A most wanted dog
He always appeared to be on a slightly different planet to everyone else, hence his name - not Dylan as in Bob, but Dylan as in his rather more spaced-out alter ego, Dylan the Rabbit, from The Magic Roundabout. He was incredibly sweet natured, and generally moved in a happy haze of goodwill to all, but he had a hard edge from his life on the street as any dog who tried to beat up Alfie (twice Dylan's size) would soon learn.
We had a couple of very happy years together, and then one Saturday, after a lovely holiday in Mid-Wales with the two dogs, I woke up to a nasty shock. Dylan was unable to walk, he was walking in a sort of drunk fashion and was constantly falling over. The vet diagnosed Vestibular Syndrome, and it was through a lot of work on the vet's part, and the help of a good friend that he recovered. Although ever after his head was slightly cocked to the right (which did look very cute, and he knew it), and walking became ever slower.
He could move though when he wanted to. About a year after the first bout of Vestibular Syndrome, I went out on a date. I was meeting a guy, who also owned a Springer Spaniel, near Aldeburgh. The day started well, the three dogs got on well together and we started on a long walk on the beach towards Aldeburgh, with Dills part-walking, part-being-carried. As we turned back from Aldeburgh towards where we'd left the cars, I put Dills down, and he pottered after us. Chap and I started to talk about history (something I love talking about, and don't usually have much of a chance to indulge), so we were nattering quite happily. I stopped and looked back up the beach, and Small Dog had vanished. There was no sign of him anywhere.
I was distraught. I thought he'd been sucked into the sea and had drowned. Chap's well meaning comment (being a bit of an expert being ex-Royal Navy) that if he had drowned his body should have been thrown back onto the beach just made me howl. So, chap headed up the beach in one direction, I in another, no sign of D. Finally I got back to the car to find a load of messages on my mobile, which I'd left there. Small dog had been arrested while attempting to enter a pub in Aldeburgh, a bar maid had taken him under her wing, but had to take a party of schoolchildren to Framlingham, so Small D was now on his way to Framlingham. Bar maid (bless her) duly delivered him back to me. Dills was most unimpressed that I was so relieved to see him, he was sat in the back of a Chelsea Tractor looking like the Queen, and evidently felt that this was the way a dog of his distinction should travel.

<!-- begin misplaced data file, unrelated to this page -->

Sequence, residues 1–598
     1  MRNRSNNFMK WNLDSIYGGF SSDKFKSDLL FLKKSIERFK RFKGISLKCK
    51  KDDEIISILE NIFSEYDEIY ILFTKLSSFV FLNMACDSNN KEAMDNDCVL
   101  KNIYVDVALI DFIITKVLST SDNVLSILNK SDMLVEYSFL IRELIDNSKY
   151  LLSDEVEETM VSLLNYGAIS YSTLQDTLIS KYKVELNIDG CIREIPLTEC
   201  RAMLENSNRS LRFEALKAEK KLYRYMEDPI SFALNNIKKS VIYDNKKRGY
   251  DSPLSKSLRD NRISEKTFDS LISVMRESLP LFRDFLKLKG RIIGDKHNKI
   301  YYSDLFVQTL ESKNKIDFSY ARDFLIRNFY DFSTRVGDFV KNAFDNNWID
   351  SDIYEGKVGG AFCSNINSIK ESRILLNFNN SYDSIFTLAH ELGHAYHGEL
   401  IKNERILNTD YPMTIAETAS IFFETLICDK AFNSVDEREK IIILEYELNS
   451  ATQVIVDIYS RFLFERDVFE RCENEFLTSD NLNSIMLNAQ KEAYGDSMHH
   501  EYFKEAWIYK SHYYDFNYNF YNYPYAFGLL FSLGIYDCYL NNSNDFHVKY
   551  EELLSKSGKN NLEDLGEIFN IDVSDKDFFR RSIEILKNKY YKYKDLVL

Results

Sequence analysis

D would follow me if I left the room, or would stick his head round the door to check that I was still there. The last year, he has been increasingly senile, and that's been difficult, if slightly comical sometimes. But one thing he's never forgotten, however confused he might have been, and that is that Alfie and I were his family. The look of joy when he saw me or Alfie was unmistakeable.
Since just before Christmas his health has not been so good, and I thought that it was possible that he was getting towards the end of the road. The pound that originally re-homed him would have put his age at about 14, but I suspect that he was at least a year if not older than that. The vet and I tried as hard as we could to "mend" him, but it was no good, and earlier today I had to make the decision that I didn't want to make. And it was horrible. Before he passed away, we went for a walk on the riverbank, and saw and did the things he loved.
I'm missing him as I'm typing this, wishing that quizzical little head would pop round the corner demanding a cuddle; but despite the sadness that I am now feeling I am so glad that I happened to be home that wet cold day in December, when a small grumpy dog named Dennis became a loving eccentric little hound named Dills.